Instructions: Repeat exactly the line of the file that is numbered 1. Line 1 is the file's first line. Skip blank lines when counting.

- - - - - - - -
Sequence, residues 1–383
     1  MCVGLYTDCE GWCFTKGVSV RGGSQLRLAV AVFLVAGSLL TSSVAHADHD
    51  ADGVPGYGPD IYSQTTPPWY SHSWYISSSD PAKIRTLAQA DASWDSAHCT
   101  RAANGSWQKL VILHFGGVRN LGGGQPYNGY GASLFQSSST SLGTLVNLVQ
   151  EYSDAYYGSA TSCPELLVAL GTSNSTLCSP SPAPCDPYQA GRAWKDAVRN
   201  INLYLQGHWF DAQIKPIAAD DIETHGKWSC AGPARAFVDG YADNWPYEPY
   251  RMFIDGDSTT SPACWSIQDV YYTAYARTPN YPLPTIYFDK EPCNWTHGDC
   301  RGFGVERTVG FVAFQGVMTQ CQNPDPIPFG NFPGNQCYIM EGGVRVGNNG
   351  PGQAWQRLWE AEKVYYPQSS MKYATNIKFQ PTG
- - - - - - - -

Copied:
Sequence, residues 1–383